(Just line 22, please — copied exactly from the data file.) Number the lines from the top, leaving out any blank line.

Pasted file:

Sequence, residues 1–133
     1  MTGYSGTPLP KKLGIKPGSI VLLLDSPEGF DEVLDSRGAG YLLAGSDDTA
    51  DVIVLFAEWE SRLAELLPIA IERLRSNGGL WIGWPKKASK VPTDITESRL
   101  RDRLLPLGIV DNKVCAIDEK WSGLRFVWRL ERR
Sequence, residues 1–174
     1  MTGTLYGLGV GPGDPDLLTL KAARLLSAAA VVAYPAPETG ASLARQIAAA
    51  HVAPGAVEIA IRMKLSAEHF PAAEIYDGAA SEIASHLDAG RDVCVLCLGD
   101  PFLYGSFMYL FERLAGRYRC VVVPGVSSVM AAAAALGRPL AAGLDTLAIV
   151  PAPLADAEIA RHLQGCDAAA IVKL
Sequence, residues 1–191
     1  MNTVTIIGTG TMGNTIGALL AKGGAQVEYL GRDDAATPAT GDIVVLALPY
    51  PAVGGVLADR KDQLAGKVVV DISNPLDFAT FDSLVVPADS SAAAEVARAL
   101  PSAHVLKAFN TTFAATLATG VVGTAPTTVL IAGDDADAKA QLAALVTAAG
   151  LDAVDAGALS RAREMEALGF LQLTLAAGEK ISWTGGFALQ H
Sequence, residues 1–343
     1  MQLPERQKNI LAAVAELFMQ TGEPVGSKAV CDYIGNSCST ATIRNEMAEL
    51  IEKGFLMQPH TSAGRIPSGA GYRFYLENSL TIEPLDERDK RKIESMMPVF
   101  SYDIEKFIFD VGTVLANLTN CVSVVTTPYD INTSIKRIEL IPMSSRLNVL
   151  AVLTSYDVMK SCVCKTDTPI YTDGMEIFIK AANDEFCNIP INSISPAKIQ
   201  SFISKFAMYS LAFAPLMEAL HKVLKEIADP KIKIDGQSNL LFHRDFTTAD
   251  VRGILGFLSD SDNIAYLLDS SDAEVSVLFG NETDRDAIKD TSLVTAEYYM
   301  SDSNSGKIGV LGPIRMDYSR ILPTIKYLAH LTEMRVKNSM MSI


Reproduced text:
   301  SDSNSGKIGV LGPIRMDYSR ILPTIKYLAH LTEMRVKNSM MSI